A study by the FDA showed that households using Triclosan-based products did not see a decrease in bacterial or viral infections. The FDA also concluded that excessive use of Triclosan could create bacterial resistance to antibiotics.
Common health dangers associated with Triclosan include:
- Thyroid Disease
Triclosan has chlorinated structures that bind to the thyroid gland, which displaces essential iodine, and causes chronic inflammation. A depleted antioxidant system in the thyroid gland is a leading cause for thyroid diseases such as hyperthyroidism, hyperthyroidism, Grave’s disease, and thyroid cancer. Triclosan can also cause liver dysfunction.
- Antibiotic Resistance
One of the largest concerns of excessive use of this synthetic antibacterial agent is antibiotic resistance. This occurs when the immune system has built up a tolerance and resistance to an antimicrobial agent. It is then more difficult for conventional antibiotics to treat any serious bacterial outbreak the person may have.
- Liver Toxicity
When combined with water, Triclosan produces a type of chloroform gas that is toxic to the liver. Symptoms of liver toxicity include chronic fatigue syndrome, emotional disturbances, digestive problems such as bloating and swelling after a meal, and the inability to lose weight.
- Muscle Weakness
According to a study published by the Department of Molecular Biosciences in the UC Davis School of Veterinary Medicine, Triclosan causes muscle weakness and reduced movement in fish. A mouse injected with 1 percent Triclosan experienced heart failure in less than one minute due to an interference with the brain-heart muscle connection.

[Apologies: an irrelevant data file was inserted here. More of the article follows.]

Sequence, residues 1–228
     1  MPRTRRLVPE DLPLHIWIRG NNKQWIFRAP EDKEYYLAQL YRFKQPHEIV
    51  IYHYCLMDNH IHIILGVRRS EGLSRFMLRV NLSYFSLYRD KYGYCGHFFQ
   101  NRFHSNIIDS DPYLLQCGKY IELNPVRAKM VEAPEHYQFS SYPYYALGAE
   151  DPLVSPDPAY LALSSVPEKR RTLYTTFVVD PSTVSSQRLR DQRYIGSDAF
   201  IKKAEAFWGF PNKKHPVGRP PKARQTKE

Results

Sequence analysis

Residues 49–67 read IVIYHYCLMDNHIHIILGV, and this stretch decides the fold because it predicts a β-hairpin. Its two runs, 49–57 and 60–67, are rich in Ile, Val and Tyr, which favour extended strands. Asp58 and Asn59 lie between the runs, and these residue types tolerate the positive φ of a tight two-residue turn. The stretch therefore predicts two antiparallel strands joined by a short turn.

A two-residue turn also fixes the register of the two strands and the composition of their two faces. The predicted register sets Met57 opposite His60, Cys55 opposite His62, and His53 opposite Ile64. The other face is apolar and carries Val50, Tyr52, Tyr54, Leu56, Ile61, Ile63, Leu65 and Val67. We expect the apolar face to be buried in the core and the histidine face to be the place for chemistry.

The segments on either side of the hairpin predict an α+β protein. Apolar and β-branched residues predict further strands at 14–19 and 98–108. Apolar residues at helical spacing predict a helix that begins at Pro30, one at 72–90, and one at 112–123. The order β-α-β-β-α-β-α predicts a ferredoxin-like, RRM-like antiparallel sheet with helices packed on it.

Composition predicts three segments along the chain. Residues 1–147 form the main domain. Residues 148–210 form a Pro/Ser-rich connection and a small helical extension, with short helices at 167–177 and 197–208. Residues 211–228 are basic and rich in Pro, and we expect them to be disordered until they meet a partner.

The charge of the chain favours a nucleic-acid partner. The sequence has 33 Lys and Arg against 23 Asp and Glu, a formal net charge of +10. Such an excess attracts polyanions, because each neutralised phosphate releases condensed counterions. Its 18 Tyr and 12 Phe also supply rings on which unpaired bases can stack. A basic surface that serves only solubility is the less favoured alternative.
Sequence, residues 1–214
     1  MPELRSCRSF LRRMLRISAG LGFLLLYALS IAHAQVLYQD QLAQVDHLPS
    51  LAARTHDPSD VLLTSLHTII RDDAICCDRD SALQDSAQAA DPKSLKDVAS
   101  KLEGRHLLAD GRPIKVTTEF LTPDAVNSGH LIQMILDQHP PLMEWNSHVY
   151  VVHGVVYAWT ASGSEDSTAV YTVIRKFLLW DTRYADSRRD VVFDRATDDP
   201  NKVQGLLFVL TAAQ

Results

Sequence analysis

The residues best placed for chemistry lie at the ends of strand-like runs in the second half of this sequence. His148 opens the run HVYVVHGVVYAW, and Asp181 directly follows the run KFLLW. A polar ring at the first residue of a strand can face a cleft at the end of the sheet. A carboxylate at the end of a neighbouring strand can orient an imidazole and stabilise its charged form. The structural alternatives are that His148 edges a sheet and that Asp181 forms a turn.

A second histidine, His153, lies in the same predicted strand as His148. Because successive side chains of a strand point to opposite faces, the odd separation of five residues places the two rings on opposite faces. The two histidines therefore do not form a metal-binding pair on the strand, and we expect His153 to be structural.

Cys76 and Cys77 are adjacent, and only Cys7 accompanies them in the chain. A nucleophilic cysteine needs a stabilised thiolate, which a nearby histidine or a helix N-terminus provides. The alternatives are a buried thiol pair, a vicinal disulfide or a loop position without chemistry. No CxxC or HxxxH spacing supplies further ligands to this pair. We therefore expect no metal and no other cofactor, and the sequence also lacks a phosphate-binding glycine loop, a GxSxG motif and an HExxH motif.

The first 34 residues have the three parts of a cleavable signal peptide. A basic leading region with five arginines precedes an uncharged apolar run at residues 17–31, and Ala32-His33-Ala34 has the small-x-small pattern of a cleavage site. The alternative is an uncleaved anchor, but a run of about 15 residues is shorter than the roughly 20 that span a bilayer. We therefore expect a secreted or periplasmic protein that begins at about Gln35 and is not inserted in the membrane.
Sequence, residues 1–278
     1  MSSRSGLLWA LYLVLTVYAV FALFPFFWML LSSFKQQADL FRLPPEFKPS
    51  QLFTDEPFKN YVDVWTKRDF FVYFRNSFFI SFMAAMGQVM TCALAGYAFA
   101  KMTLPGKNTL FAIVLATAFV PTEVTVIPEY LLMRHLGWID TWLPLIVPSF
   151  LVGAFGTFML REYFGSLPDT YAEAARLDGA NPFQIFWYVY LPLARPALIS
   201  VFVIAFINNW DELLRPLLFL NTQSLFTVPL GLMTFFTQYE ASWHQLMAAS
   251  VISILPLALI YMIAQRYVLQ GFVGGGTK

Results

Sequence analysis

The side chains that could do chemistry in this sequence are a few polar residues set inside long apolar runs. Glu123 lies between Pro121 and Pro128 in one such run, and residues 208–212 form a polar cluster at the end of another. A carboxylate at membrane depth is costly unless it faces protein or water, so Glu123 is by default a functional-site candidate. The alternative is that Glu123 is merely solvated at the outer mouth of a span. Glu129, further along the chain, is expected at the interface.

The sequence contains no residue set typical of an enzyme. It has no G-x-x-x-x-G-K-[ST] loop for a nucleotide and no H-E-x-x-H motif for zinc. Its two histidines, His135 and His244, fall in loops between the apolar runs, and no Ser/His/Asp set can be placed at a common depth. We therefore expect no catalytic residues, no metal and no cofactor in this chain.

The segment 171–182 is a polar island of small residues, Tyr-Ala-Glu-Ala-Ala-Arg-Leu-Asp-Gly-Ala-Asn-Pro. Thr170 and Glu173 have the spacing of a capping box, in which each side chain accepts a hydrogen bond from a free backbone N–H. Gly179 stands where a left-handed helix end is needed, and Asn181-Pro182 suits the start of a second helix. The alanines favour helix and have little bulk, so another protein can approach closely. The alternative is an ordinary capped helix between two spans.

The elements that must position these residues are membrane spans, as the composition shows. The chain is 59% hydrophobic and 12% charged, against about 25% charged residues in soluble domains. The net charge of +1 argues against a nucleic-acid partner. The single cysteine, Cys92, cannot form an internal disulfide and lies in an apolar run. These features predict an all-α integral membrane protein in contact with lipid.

- Autoimmune Disease
Your immune system is designed to protect your body from foreign invaders. When you continue to use Triclosan-based products, your immune system works overtime to protect you. If your immune system remains in the constant “fight or flight” mode, it begins to malfunction, causing autoimmune diseases such as chronic fatigue syndrome, arthritis, and psoriasis. The more toxins you put into your body, the more your immune system won’t recognize your healthy tissue and will attack it as a foreign entity.
Products Containing Triclosan
According to BeyondPesticides.org, Triclosan is found in the following products:
- Dial® Liquid Soap
- Softsoap® Antibacterial Liquid Hand Soap
- Tea Tree Therapy™ Liquid Soap
- Provon® Soap
- Clearasil® Daily Face Wash
- Dermatologica® Skin Purifying Wipes
- Clean & Clear Foaming Facial Cleanser
- DermaKleen™ Antibacterial Lotion Soap
- Naturade Aloe Vera 80® Antibacterial Soap
- CVS Antibacterial Soap
- pHisoderm Antibacterial Skin Cleanser
- Colgate Total®; Breeze™ Triclosan Mouthwash
- Reach® Antibacterial Toothbrush
- Janina Diamond Whitening Toothpaste
- Supre® Café Bronzer™
- TotalSkinCare Makeup Kit
- Garden Botanika® Powder Foundation
- Mavala Lip Base
- Jason Natural Cosmetics
- Blemish Cover Stick
- Movate® Skin Litening Cream HQ
- Paul Mitchell Detangler Comb
- Revlon ColorStay LipSHINE Lipcolor Plus Gloss
- Old Spice High Endurance Stick Deodorant
- Right Guard Sport Deodorant
- Queen Helene® Tea Trea Oil Deodorant and Aloe Deodorant
- Nature De France Le Stick Natural Stick Deodorant
- DeCleor Deodorant Stick
- Epoch® Deodorant with Citrisomes